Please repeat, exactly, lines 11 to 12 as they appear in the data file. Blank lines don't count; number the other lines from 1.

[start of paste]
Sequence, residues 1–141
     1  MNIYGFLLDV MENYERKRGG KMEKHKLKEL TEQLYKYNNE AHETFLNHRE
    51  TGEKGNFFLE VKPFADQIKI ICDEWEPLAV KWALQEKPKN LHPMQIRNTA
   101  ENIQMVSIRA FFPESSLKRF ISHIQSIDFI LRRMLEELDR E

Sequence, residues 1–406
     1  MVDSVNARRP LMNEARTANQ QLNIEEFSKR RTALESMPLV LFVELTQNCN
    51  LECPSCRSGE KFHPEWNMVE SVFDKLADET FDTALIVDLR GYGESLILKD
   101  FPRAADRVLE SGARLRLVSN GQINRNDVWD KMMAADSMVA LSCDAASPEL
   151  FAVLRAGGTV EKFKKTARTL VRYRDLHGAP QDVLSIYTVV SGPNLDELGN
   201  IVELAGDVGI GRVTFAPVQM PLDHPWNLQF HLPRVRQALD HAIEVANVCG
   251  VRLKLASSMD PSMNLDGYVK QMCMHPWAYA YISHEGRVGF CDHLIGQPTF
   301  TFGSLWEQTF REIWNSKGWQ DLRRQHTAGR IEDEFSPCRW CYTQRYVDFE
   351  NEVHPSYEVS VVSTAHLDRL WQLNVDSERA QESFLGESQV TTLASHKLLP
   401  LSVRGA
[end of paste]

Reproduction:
   251  VRLKLASSMD PSMNLDGYVK QMCMHPWAYA YISHEGRVGF CDHLIGQPTF
   301  TFGSLWEQTF REIWNSKGWQ DLRRQHTAGR IEDEFSPCRW CYTQRYVDFE